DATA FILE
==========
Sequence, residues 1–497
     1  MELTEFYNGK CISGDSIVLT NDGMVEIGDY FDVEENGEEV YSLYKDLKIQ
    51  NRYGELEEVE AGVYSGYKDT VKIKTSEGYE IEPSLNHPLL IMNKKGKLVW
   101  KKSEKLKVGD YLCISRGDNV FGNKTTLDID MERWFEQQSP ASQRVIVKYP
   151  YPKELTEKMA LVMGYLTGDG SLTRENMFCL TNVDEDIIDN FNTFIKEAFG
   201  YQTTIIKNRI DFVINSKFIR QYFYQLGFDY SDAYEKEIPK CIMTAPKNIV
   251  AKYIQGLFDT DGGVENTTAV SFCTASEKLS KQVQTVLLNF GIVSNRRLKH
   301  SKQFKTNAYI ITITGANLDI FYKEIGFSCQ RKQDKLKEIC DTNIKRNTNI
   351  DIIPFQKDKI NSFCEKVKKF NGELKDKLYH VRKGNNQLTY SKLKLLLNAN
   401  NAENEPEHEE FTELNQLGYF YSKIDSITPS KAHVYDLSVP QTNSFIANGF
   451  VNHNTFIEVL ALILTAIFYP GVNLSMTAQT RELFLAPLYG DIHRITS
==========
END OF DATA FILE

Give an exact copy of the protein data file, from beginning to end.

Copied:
Sequence, residues 1–497
     1  MELTEFYNGK CISGDSIVLT NDGMVEIGDY FDVEENGEEV YSLYKDLKIQ
    51  NRYGELEEVE AGVYSGYKDT VKIKTSEGYE IEPSLNHPLL IMNKKGKLVW
   101  KKSEKLKVGD YLCISRGDNV FGNKTTLDID MERWFEQQSP ASQRVIVKYP
   151  YPKELTEKMA LVMGYLTGDG SLTRENMFCL TNVDEDIIDN FNTFIKEAFG
   201  YQTTIIKNRI DFVINSKFIR QYFYQLGFDY SDAYEKEIPK CIMTAPKNIV
   251  AKYIQGLFDT DGGVENTTAV SFCTASEKLS KQVQTVLLNF GIVSNRRLKH
   301  SKQFKTNAYI ITITGANLDI FYKEIGFSCQ RKQDKLKEIC DTNIKRNTNI
   351  DIIPFQKDKI NSFCEKVKKF NGELKDKLYH VRKGNNQLTY SKLKLLLNAN
   401  NAENEPEHEE FTELNQLGYF YSKIDSITPS KAHVYDLSVP QTNSFIANGF
   451  VNHNTFIEVL ALILTAIFYP GVNLSMTAQT RELFLAPLYG DIHRITS